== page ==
- As we roll into the new quarter and the new year, the forward 4-quarter estimate transitions from last quarter’s Q4 ’21 – Q3 ’22 to the new calendar 2022 estimate which this week is $223.25, which is $7 higher than last week’s “forward 4-quarter” estimate.
- The PE on the new forward estimate falls to 21x.
- The SP 500 earnings yield is now 4.77%, higher than the 4th quarter peaks on December 3rd and early October’s same print.
With Q4 ’21 earnings poised to start this week with the big bank numbers, let’s have a quick look at the numbers and the EPS / revenue revisions:
Looking at 2022 sector EPS growth across the SP 500:
Per the IBES by Refinitiv data, here’s the trend in 2022 expected EPS growth rates by sector. Look at the financial sector first, it has gradually gone “less negative” in the last 90 days, as reserve releases, which sharply boosted EPS in 2021 are expected to fade in 2022, but that drag on EPS will likely grow less negative, given the state of the US economy (corporate loans) and capital market activity. Investment banking and trading activity will likely be a little lower in 2022 if the Fed is as aggressive as they seem to be posturing to start 2022.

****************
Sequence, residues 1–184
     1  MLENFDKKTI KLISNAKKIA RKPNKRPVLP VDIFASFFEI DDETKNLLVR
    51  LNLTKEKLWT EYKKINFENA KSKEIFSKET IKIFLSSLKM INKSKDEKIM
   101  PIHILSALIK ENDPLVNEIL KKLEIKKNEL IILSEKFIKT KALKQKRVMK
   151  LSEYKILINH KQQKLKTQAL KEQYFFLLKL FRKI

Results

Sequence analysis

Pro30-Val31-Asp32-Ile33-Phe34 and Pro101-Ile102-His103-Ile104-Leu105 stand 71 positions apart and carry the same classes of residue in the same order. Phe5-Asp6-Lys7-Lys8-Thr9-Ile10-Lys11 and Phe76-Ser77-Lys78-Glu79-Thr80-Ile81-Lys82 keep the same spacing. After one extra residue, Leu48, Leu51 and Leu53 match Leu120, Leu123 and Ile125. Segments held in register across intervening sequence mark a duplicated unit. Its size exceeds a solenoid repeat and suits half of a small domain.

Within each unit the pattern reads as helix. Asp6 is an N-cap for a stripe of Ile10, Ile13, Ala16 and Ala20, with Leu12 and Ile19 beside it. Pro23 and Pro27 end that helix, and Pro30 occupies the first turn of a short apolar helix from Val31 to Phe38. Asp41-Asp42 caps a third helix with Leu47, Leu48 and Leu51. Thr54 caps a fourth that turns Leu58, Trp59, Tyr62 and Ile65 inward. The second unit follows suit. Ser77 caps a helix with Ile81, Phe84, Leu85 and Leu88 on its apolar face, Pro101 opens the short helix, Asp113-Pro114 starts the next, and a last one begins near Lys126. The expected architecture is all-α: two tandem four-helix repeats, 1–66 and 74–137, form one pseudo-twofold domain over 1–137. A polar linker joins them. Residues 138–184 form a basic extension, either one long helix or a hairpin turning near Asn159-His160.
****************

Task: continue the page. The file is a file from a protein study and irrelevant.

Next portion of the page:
JP Morgan, Citigroup and Wells Fargo are expecting lower y.y EPS in 2022 vs 2021 as it stands today. However as you’ll see from the EPS and revenue revisions, the revisions remain mostly positive.
Banks are typically valued off the “pre-tax, pre-provision” (loan loss provisions) metric, which means EPS and net income have been particularly muddied the last 8 quarters. In addition, the stay on bank repurchase and dividends (capital return) has ended, which is a plus for readers and investors.
Finally, even Bespoke’s Weekly Report was titled, “FinEnergy” which spotlighted the two best performing sectors – Financials and Energy – of the first week of 2022. The blank assumption is that higher interest rates will help the financial sector across the board, but don’t throw away the seeming correlation between the energy sector and the financial sector.
JP Morgan (JPM):
JPM is scheduled to release Q4 ’21 financial results on Friday morning, January 14, 2022. IBES data by Refinitiv is expecting $3.00 in EPS on $30.6 billion in revenue while Briefing.com expects $3.06 in EPS on $29.7 billion in revenue. Using the IBES estimate, the expected EPS “growth” or rather decline for q4 ’21 is -19% on 2% revenue growth.